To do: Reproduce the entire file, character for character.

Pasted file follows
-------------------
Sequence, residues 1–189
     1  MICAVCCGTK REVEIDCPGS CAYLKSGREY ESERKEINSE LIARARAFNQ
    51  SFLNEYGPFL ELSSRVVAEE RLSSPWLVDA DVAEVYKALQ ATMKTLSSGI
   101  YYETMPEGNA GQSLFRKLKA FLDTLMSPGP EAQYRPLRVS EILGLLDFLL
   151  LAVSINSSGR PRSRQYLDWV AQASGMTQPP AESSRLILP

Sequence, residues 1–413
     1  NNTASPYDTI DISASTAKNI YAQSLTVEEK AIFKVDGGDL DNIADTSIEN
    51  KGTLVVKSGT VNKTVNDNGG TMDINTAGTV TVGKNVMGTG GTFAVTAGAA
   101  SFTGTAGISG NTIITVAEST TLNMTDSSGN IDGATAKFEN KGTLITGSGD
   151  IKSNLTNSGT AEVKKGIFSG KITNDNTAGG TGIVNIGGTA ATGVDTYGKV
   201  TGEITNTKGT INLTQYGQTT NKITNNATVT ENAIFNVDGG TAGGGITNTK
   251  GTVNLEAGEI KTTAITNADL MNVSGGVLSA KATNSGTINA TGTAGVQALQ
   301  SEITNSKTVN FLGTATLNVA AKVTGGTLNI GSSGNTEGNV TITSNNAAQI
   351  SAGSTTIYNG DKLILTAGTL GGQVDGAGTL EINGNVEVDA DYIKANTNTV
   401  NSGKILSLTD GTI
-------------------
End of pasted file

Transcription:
Sequence, residues 1–189
     1  MICAVCCGTK REVEIDCPGS CAYLKSGREY ESERKEINSE LIARARAFNQ
    51  SFLNEYGPFL ELSSRVVAEE RLSSPWLVDA DVAEVYKALQ ATMKTLSSGI
   101  YYETMPEGNA GQSLFRKLKA FLDTLMSPGP EAQYRPLRVS EILGLLDFLL
   151  LAVSINSSGR PRSRQYLDWV AQASGMTQPP AESSRLILP

Sequence, residues 1–413
     1  NNTASPYDTI DISASTAKNI YAQSLTVEEK AIFKVDGGDL DNIADTSIEN
    51  KGTLVVKSGT VNKTVNDNGG TMDINTAGTV TVGKNVMGTG GTFAVTAGAA
   101  SFTGTAGISG NTIITVAEST TLNMTDSSGN IDGATAKFEN KGTLITGSGD
   151  IKSNLTNSGT AEVKKGIFSG KITNDNTAGG TGIVNIGGTA ATGVDTYGKV
   201  TGEITNTKGT INLTQYGQTT NKITNNATVT ENAIFNVDGG TAGGGITNTK
   251  GTVNLEAGEI KTTAITNADL MNVSGGVLSA KATNSGTINA TGTAGVQALQ
   301  SEITNSKTVN FLGTATLNVA AKVTGGTLNI GSSGNTEGNV TITSNNAAQI
   351  SAGSTTIYNG DKLILTAGTL GGQVDGAGTL EINGNVEVDA DYIKANTNTV
   401  NSGKILSLTD GTI